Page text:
sober lifestyle


“Now, I don’t want you to freak out…” my boss said as she walked into my office on Monday morning, my 21st day at this new job.

As if there’s any other possible thing to do after hearing that.

As if I hadn’t been hanging on by a thread to begin with.

Luckily, I’ve become rather good at stuffing down my emotions over the past few years — I mean, it’s not really a “good” thing, given the effect it’s had on my digestive health, but it has kept me employed and more or less free of conflict in my personal life since I quit drinking — and so I only cracked a little bit when my boss told me she’s leaving the company. I only shed a few tears when I learned that, despite taking this job largely because I liked this person and felt comfortable working for her, and then relying on her to help ease my transition into an unfamiliar industry and whole new set of professional duties, I’d have to adjust AGAIN to working for a completely different person before I’d even settled in to my role.

Inside, I was absolutely freaking out, but I managed to keep my composure within the walls of my workspace. I kept showing up and hanging on to that thread for four more days.

Every morning during my commute, I repeated my go-to mantra, the pep talk I’ve been giving myself every time I’ve hit a low spot during my nearly two years of sobriety: “You’re OK. It’s not that bad. Just get through the day. You can get through the day.”

Then came the weekend. And the thread snapped.

I fell apart.

I barely even made it to my therapist’s office on Saturday morning for my regular scheduled appointment. In fact, while driving there, I contemplated the possibility of driving to the liquor store instead. So, I thought, there would be consequences. So what?

All my “give a shit” was gone. I had used it up, constantly trying to convince myself everything was OK, every day for a month.

In reality, I have not been feeling OK. I’ve been feeling really bad. And after all those pep talks and showing up and hanging on, expecting the skies to eventually clear, my mood just continued to plummet. This latest bad news was a breaking point, and making it through the week took almost more emotion-stuffing than I could handle.

I felt myself starting to lose it on the drive home Friday, giving in to road rage as traffic crawled down Almshouse Road in the rain. Sitting behind the wheel on an even drearier Saturday morning, my situation seemed completely hopeless. It seemed like nothing would make me feel better, except…maybe…

In hindsight, the very best place to be headed when you’re in this kind of a hole — depressed, triggered, exhausted, done caring — is therapy.

Sitting across from an objective yet empathetic ally who tells you it’s OK to feel like shit when work is rough, it’s OK to mourn the death of your expectations, and it’s even OK to do nothing but cry and sleep for a few days, as long as you give yourself a deadline for getting back up and into the fight…well, it works!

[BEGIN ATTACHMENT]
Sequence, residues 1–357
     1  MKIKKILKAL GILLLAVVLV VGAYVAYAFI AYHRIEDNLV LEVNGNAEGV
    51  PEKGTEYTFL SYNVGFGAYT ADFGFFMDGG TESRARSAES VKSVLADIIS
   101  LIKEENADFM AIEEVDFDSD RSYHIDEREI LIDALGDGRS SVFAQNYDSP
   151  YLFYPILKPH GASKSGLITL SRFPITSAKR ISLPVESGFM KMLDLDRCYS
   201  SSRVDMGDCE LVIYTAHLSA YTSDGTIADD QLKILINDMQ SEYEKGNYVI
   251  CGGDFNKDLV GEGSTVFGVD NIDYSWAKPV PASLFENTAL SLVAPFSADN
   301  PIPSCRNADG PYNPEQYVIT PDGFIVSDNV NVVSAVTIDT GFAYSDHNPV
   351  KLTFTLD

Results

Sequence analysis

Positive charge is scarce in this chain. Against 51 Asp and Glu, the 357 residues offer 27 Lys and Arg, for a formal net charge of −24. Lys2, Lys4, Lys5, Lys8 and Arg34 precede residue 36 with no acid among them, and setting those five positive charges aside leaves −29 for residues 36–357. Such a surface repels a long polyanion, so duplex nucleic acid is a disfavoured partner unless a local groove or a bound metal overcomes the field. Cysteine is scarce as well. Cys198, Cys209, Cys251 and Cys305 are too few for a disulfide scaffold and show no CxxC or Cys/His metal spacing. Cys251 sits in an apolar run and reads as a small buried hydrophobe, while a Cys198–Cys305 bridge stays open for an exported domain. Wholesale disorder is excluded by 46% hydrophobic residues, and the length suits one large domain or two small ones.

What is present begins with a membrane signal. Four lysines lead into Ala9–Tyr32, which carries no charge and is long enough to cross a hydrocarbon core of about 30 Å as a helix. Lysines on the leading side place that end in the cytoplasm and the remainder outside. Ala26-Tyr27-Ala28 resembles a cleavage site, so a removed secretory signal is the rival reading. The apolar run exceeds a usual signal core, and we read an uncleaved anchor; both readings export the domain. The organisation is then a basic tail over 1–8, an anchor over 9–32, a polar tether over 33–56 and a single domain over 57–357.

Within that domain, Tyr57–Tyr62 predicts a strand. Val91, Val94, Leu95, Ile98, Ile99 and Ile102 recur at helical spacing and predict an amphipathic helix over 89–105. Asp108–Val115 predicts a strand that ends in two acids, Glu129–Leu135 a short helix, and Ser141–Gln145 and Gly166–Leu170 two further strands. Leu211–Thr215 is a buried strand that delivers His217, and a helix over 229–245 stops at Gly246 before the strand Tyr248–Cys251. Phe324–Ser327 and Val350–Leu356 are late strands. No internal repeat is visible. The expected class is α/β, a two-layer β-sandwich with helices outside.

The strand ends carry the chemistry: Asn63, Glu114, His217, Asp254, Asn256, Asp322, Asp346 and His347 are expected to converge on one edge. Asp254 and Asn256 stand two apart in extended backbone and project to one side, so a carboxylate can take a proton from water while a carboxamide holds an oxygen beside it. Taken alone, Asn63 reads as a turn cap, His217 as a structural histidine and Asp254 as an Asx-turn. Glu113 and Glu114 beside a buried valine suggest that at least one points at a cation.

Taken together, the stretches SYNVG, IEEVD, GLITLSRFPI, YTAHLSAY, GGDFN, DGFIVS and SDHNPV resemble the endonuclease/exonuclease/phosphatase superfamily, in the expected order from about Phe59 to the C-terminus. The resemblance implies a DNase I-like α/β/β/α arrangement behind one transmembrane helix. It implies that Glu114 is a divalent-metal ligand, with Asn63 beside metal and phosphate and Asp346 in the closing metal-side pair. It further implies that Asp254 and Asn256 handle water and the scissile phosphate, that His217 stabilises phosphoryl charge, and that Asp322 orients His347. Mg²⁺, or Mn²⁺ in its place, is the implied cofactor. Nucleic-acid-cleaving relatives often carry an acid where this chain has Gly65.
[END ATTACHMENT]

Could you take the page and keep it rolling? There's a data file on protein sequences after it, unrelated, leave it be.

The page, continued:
No, I didn’t magically feel better. But I also did not drive to the liquor store. I did not drink.

I basically slept and ate and cried — and watched “The Sopranos” all the way through for the 550th time — through the entire holiday weekend, leaving the house only to go for a very slow morning jog (because today was my deadline.) I rescheduled a COVID vaccine appointment and begged out of fancy dinner reservations with my husband, much to his consternation, and I ignored text messages and voicemail messages from family members…but I did not drink.

When I get up tomorrow to head back to work for Day 26, I am going to be 23 MONTHS ALCOHOL FREE.

I am going to be one month away from the two-year milestone, and I’ll tell you what else I’ll be: Confident.

If this shit I’m going through now can’t break me down and “make me drink,” nothing will.

If I can find the strength to push through this kind of not-OK-ness, rather than medicate myself into oblivion — and plummet back into the abyss of addiction — I know I will be OK again, eventually.

Needless to say, I’m extremely grateful the holiday weekend arrived when it did, and that it happened to coincide with my biweekly therapy appointment. I needed a chance to freak out, some safe space to lose my composure, and most of all, help remembering: I am strong enough to handle life sober.

If life would like to maybe take a holiday from throwing job-related changes in my lap? Gotta be honest: I would not hate that.

1 thought on “Composure”

  1. Great job! Just continue with one day at a time and on some days, even one hour at a time. You are stronger than you realize and this too shall pass. My mom used to tell me that all the time.


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